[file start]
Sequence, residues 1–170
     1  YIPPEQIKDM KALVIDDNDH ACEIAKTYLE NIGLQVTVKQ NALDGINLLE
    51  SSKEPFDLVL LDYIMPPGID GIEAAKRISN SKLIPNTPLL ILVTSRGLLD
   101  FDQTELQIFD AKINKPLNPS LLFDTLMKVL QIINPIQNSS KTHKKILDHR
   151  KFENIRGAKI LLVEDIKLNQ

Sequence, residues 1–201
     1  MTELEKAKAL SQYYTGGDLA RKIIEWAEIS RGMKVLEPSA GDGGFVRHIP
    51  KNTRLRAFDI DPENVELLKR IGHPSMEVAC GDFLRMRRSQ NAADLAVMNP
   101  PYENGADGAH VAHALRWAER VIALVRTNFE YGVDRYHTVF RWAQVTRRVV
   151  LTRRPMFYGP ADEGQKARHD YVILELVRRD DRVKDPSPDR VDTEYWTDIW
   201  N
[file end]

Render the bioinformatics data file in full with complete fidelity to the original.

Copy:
Sequence, residues 1–170
     1  YIPPEQIKDM KALVIDDNDH ACEIAKTYLE NIGLQVTVKQ NALDGINLLE
    51  SSKEPFDLVL LDYIMPPGID GIEAAKRISN SKLIPNTPLL ILVTSRGLLD
   101  FDQTELQIFD AKINKPLNPS LLFDTLMKVL QIINPIQNSS KTHKKILDHR
   151  KFENIRGAKI LLVEDIKLNQ

Sequence, residues 1–201
     1  MTELEKAKAL SQYYTGGDLA RKIIEWAEIS RGMKVLEPSA GDGGFVRHIP
    51  KNTRLRAFDI DPENVELLKR IGHPSMEVAC GDFLRMRRSQ NAADLAVMNP
   101  PYENGADGAH VAHALRWAER VIALVRTNFE YGVDRYHTVF RWAQVTRRVV
   151  LTRRPMFYGP ADEGQKARHD YVILELVRRD DRVKDPSPDR VDTEYWTDIW
   201  N